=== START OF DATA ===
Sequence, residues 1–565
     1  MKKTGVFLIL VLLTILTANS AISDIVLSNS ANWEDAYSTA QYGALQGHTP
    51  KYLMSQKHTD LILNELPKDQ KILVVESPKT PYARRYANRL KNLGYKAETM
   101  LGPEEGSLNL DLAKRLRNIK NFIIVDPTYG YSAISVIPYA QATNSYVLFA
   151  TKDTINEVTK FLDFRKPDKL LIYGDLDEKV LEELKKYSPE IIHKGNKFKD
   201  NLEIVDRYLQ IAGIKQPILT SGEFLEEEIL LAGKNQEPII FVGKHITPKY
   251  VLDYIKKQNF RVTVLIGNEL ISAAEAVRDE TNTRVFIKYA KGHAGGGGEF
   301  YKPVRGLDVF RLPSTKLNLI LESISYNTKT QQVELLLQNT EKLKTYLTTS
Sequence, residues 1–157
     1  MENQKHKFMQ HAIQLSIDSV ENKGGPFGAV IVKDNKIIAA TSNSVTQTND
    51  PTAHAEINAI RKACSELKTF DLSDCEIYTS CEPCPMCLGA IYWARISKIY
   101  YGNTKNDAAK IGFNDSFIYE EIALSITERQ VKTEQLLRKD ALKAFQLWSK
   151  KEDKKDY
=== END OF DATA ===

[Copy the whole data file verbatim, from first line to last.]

Sequence, residues 1–565
     1  MKKTGVFLIL VLLTILTANS AISDIVLSNS ANWEDAYSTA QYGALQGHTP
    51  KYLMSQKHTD LILNELPKDQ KILVVESPKT PYARRYANRL KNLGYKAETM
   101  LGPEEGSLNL DLAKRLRNIK NFIIVDPTYG YSAISVIPYA QATNSYVLFA
   151  TKDTINEVTK FLDFRKPDKL LIYGDLDEKV LEELKKYSPE IIHKGNKFKD
   201  NLEIVDRYLQ IAGIKQPILT SGEFLEEEIL LAGKNQEPII FVGKHITPKY
   251  VLDYIKKQNF RVTVLIGNEL ISAAEAVRDE TNTRVFIKYA KGHAGGGGEF
   301  YKPVRGLDVF RLPSTKLNLI LESISYNTKT QQVELLLQNT EKLKTYLTTS
Sequence, residues 1–157
     1  MENQKHKFMQ HAIQLSIDSV ENKGGPFGAV IVKDNKIIAA TSNSVTQTND
    51  PTAHAEINAI RKACSELKTF DLSDCEIYTS CEPCPMCLGA IYWARISKIY
   101  YGNTKNDAAK IGFNDSFIYE EIALSITERQ VKTEQLLRKD ALKAFQLWSK
   151  KEDKKDY